First there were the Butts
Apparently Transport Canada is concerned that someone named "Alistair Butt" might try to bring down an airplane. The first two Alistair Butts who presented themselves to fly turned out to be a 10 year old from Saskatoon and a 15-year old from Ontario. [Pictured left. Photo by Jana Chytilova.] Neither seemed much threat to aviation. The Saskatchewan family was furious to hear the airline's proposed remedy:
Civil libertarians point out obvious flaws
With the U.S. list as an example, it was easy for concerned Canadians to focus on likely problems. Paul Berton spelled on the problems in the Edmonton Sun:
He wrote before the Butts' experience came to light.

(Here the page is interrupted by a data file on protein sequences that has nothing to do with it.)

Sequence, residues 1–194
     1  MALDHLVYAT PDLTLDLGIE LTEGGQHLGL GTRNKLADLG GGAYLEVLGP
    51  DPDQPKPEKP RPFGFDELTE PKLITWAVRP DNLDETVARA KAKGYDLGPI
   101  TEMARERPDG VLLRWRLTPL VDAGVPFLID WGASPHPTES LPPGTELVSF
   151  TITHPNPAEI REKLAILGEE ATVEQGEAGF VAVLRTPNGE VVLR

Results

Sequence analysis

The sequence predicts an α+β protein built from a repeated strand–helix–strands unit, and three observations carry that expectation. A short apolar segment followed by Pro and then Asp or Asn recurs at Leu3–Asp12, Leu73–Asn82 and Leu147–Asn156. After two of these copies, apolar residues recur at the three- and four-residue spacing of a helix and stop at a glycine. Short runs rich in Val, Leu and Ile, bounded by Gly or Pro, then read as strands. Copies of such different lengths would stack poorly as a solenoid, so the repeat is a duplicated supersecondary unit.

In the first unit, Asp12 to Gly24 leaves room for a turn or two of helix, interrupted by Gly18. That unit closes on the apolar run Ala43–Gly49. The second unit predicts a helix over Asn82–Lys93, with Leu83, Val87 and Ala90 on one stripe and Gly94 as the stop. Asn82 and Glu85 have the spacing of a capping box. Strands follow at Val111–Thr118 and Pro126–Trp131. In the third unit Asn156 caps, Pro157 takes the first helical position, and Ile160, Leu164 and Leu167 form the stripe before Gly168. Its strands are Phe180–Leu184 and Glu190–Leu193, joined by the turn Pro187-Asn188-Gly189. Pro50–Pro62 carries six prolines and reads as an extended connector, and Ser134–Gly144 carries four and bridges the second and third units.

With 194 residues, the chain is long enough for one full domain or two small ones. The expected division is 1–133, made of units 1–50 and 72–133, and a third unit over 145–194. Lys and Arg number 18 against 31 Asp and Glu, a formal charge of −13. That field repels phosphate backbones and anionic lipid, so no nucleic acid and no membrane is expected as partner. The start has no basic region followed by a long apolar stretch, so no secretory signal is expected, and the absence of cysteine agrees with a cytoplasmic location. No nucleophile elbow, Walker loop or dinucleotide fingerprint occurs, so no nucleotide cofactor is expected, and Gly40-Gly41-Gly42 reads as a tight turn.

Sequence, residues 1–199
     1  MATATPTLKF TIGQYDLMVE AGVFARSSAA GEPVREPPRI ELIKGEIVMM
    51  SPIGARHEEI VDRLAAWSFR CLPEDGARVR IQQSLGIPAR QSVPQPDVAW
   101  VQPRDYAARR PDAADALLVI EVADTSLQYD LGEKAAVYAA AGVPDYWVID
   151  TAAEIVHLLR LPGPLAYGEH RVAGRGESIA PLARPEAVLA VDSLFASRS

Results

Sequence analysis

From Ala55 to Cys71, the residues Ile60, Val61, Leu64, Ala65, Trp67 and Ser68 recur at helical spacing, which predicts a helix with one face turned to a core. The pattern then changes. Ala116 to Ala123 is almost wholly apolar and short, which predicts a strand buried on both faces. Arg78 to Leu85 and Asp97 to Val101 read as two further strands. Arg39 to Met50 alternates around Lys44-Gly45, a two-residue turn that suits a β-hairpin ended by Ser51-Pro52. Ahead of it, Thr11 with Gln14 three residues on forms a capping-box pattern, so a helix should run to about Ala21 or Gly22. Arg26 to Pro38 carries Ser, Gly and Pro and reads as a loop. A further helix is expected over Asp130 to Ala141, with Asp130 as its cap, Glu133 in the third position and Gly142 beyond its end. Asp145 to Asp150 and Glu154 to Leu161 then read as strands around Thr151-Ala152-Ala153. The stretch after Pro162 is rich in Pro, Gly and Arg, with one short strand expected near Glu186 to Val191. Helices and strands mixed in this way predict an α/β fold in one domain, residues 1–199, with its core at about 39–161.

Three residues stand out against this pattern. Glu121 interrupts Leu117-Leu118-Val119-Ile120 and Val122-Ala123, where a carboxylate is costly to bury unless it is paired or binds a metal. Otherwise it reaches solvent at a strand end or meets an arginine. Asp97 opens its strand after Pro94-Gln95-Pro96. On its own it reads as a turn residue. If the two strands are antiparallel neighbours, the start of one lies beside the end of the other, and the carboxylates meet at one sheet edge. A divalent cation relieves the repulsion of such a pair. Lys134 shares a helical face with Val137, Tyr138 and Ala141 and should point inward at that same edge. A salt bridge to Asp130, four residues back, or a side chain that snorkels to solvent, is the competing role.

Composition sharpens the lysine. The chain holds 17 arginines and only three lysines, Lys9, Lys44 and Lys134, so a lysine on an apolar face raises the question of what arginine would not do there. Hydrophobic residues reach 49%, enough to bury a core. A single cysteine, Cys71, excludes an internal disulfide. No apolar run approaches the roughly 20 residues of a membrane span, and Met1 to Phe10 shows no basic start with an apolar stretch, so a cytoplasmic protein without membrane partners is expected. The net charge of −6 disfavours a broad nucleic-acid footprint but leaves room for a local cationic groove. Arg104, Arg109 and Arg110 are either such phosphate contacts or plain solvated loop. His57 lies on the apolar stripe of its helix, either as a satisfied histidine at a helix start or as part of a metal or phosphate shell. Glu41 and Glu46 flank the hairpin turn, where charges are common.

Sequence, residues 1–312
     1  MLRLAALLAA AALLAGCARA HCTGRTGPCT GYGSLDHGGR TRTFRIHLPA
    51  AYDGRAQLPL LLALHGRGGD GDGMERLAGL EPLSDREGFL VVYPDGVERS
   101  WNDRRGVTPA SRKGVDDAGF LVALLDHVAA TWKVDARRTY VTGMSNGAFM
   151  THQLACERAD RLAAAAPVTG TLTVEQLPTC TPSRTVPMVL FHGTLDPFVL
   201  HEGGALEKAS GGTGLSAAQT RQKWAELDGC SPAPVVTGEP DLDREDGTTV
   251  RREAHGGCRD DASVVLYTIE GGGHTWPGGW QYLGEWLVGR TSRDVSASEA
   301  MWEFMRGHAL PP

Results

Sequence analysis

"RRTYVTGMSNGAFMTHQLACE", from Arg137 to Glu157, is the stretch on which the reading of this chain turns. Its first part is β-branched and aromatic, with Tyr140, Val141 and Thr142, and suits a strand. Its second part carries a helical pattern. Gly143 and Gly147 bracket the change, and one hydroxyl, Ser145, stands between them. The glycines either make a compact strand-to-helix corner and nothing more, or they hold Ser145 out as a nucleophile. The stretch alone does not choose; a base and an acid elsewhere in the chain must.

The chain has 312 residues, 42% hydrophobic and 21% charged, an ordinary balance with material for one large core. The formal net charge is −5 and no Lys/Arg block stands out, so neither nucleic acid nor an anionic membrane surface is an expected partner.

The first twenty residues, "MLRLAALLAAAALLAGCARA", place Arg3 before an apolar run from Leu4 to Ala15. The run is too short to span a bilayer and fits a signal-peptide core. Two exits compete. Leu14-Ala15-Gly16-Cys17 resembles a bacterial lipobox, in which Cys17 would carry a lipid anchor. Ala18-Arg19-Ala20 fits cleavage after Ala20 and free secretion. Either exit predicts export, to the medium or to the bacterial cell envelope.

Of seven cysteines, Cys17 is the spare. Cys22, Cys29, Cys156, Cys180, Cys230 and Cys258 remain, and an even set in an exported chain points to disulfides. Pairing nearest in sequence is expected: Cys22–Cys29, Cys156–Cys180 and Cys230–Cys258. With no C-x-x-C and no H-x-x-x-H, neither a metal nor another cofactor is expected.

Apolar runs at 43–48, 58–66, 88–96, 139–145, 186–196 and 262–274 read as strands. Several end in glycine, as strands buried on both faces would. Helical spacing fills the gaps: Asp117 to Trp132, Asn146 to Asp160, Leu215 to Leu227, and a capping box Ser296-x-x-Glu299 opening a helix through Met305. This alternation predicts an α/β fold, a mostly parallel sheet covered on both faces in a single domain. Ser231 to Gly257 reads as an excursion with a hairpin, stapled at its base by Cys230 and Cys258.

The Victoria Times Colonist [some name for a paper!] honed in on what in the States would be called "due process" issues.
Privacy commissioners weigh in
Unlike the United States, Canada has government officials charged with protecting citizens' privacy. They called for suspension of the no fly list program.
Maher Arar knows about watch lists
To their considerable credit, Canadians are ashamed and angry that Canadian Maher Arar [pictured with his wife; CP PHOTO/Fred Chartrand] was snatched up by U.S. authorities when in transit through New York and shipped off to Syria to be tortured based on false suspicions emanating from the Royal Canadian Mounted Police (Canada's FBI equivalent). The Canadian government has paid the Toronto resident $12 million in compensation. He is still on the U.S. no-fly list.
Recently Arar has been speaking out against the Canadian list.
Most Canadians don't want to be pushed around by the angry colossus to the south. Their no fly list sure looks like a concession to the U.S. security theater charade.